Book Review: World War Z by Max BrooksPosted: January 26, 2012
This was for two reasons- one is because its a fabulously written page-turner, the kind of book you just don’t want to put down, and the other, because I was scared. Actually that’s not true.
I was absolutely terrified.
You ever notice how during the night houses seem to make more noise? Little creaks and taps, they probably do it all the time but during the day there’s outside noise to drown it out, but middle of the night, its all amplified.
Every little creak made me look around, and I spent the night in a state of nervous twitchiness. The tapping of the rain on the gutters, a banging gate somewhere and the howling wind were transformed into the moans and thumping of the undead.
World War Z is about zombies, now I’m a bit obsessed with zombies- movies, comics, TV shows, seriously, if its got the living dead in I’ll check it out. I spend far too much daydreaming about what I’d do in the event of a zombie apocalypse, and it seems Brooks is the same. He’s also written The Zombie Survival Guide.
But the thing that sets this book apart from the rest of the zombie genre and movies it into the field of great fiction is how Brooks writes it.
The book is set 10 years after the end of the zombie war, and is a collection of stories from survivors. Politicians, soldiers, government officials and regular Joes all tell their stories of infection that swept the world, the devastating result and mankind’s fight back and survival. The various narrators come from around the world, and document every aspect of the war.
There are soldiers who took part in disastrous early battles with the undead and helped to finally push back the threat. Civillians forced to adapt and survive as the world went to hell around them. Government officials who had to make difficult choices and take drastic measures to ensure that some people survived.
The amount of preparation and thought that has gone into the book is staggering. Brooks has clearly thought about the dead rising even more than me, and his fictional world is truly global. He’s gone to great lengths to create a complete, perfect history of the war- major players, big events, terminology, initiatives and the survivors’ infrastructure is so well constructed that it actually feels like a legitimate history book and I found myself wondering if there really had been a zombie apocalypse and I’d just surpressed the memory as a method of coping.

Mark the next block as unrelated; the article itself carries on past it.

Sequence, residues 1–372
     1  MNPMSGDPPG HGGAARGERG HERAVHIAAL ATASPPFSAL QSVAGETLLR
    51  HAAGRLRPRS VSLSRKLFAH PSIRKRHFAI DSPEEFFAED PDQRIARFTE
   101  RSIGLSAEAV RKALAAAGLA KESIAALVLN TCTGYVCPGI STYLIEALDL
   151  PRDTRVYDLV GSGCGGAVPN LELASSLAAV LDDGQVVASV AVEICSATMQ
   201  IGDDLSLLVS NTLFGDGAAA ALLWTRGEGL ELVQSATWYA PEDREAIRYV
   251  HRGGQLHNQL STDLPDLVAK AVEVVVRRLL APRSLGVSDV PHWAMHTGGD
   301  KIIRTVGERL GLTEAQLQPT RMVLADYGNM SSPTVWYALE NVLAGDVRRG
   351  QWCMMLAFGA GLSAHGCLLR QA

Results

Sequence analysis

The key is that Brooks ensures that every narrator has an individual voice, it never feels like its all been written by one man. The narrators have different ways of phrasing things, and their local and cultural experiences colour their stories. There’s a Muslim who recounts the teenage paranoia and fear he had when Israel began to draw people behind a massive wall before the crisis fully takes hold, the South African who’s narration still hints of the scars left by Apartheid, the religious differences in Indian society, the Russians relying on the remnants of weapons built during Cold War paranoia and the heavy crack downs that mirror that country’s dark past.
And there are neat little touches, realistic little additions like the fact that an American refers to the enemy as “Zack” reflecting the way the military always give a generic name to their enemy (Charlie, Ivan, Jerry etc.), its casually dropped into the guy’s narrative, never explained, because in the set up of the book it never has to be. The writer who puts together the stories will know what he means and everyone reading the book will know about the zombies.
The scope of the book is unbelievable- Brooks truly does create a realistic, global view of the crisis. The stories share similarities but there are enough differences and unique perspectives to tell the story. There’s the astronaut trapped on the International Space Station who can only watch from above as the world tears itself apart, using surveillance satellites to see horrific events and witness the atmoshphere change due to all the pollution and fires during the outbreak. Its an astonishing section of the book, an innovation that few would have thought of.
There’s the grim stories from the fights beneath the streets of Paris where survivors attempted to hide, with disastrous results. There’s even a section set told by a Brit, which spoke to me in a way the others couldn’t the story of Brits using ancient castles as forts struck a chord, as he described places I knew (Caerphilly, Conwy, Beaumaris) and in one touching moment details the response of the Royal Family, a section so touching it even stirred something in my republican heart.
Throughout the book there are these gut wrenching tales of heroism, bad luck and panic that all feel painfully true about humanity. Its painfully easy to imagine that the panic that engulfs the world and some of the nastier responses could happen if there was to be a plague of the walking dead.
Its an emotional rollercoaster, and really put me through the ringer- I was elated by stories of survival, left numb by those of despair and utterly terrified for large sections. It is without a doupt one of the best books I’ve ever read, and I’m going to have to stumble across something damn special to avoid this being the best book I read this year. And its only January.
Seriously, go online, hit the shops, whatever. Just get yourself a copy, I guarantee whether you’re a horror fan or not this will draw you in. Its not just about the zombies its about humanity and how the human spirit responds under pressure, its not always pretty
Verdict: Brooks has created one of the most completely captivating, engrossing books I’ve ever read. Its a true work of genius, a completely realised, believable fictional world is created. Emotionally draining but phenomenally powerful. 10/10
Any thoughts? You know what to do. TTFN